For an alternating series $\sum_{n=1}^{\infty}(-1)^n a_n$, where $a_n \geq 0$ is decreasing to $0$, we know $$S_{2n-1} \leq S \leq S_{2n}$$

where $S_n$ are the partial sums, then $$|S- S_n| \leq |S_{n+1} - S_n| = a_{n+1}$$

My question is how exactly do we get from the first (double) inequality to the second?


Have a look at this picture:

enter image description here

which shows the first five values of $s_n$, and imagine that $S$ is between $S_3$ and $S_4$. You can see that the formula $$ |S-S_n|\le|S_{n+1}-S_n| $$ is true because on the left side you have the distance between $S$ and $S_n$, which is less than (or equal to) the distance between $S_{n+1}$ and $S_n$. This claim descends from the monotonicity of $S_n$.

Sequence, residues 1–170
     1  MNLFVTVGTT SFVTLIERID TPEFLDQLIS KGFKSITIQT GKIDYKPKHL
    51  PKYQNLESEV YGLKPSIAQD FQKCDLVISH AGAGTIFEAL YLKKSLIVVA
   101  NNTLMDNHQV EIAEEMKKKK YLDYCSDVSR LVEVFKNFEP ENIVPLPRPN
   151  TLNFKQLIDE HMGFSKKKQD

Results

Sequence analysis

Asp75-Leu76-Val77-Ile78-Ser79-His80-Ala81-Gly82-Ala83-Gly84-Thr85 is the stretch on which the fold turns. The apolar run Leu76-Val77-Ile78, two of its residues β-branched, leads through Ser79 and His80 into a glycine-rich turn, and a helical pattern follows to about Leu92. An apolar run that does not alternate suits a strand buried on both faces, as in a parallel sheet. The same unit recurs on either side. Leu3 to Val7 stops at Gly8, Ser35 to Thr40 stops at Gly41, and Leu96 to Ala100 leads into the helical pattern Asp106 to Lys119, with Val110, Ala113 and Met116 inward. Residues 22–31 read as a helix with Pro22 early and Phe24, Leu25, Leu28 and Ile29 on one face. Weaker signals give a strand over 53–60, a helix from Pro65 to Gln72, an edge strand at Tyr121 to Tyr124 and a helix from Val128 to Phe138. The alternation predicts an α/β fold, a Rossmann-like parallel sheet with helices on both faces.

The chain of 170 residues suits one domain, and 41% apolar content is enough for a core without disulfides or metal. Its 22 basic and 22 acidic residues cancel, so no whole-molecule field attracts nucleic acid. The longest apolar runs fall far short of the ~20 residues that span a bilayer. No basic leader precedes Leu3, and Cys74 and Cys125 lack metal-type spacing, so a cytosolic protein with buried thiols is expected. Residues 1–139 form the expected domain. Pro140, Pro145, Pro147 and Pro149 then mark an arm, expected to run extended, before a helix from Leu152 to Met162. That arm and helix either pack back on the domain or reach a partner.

And $|S_{n+1}-S_n|$ is equal to $a_{n+1}$ for the definition of $S_n$.

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  • 1
    $\begingroup$ +$1$: This is exactly how I describe it to my students. $\endgroup$ – Clayton Jun 29 '18 at 15:32

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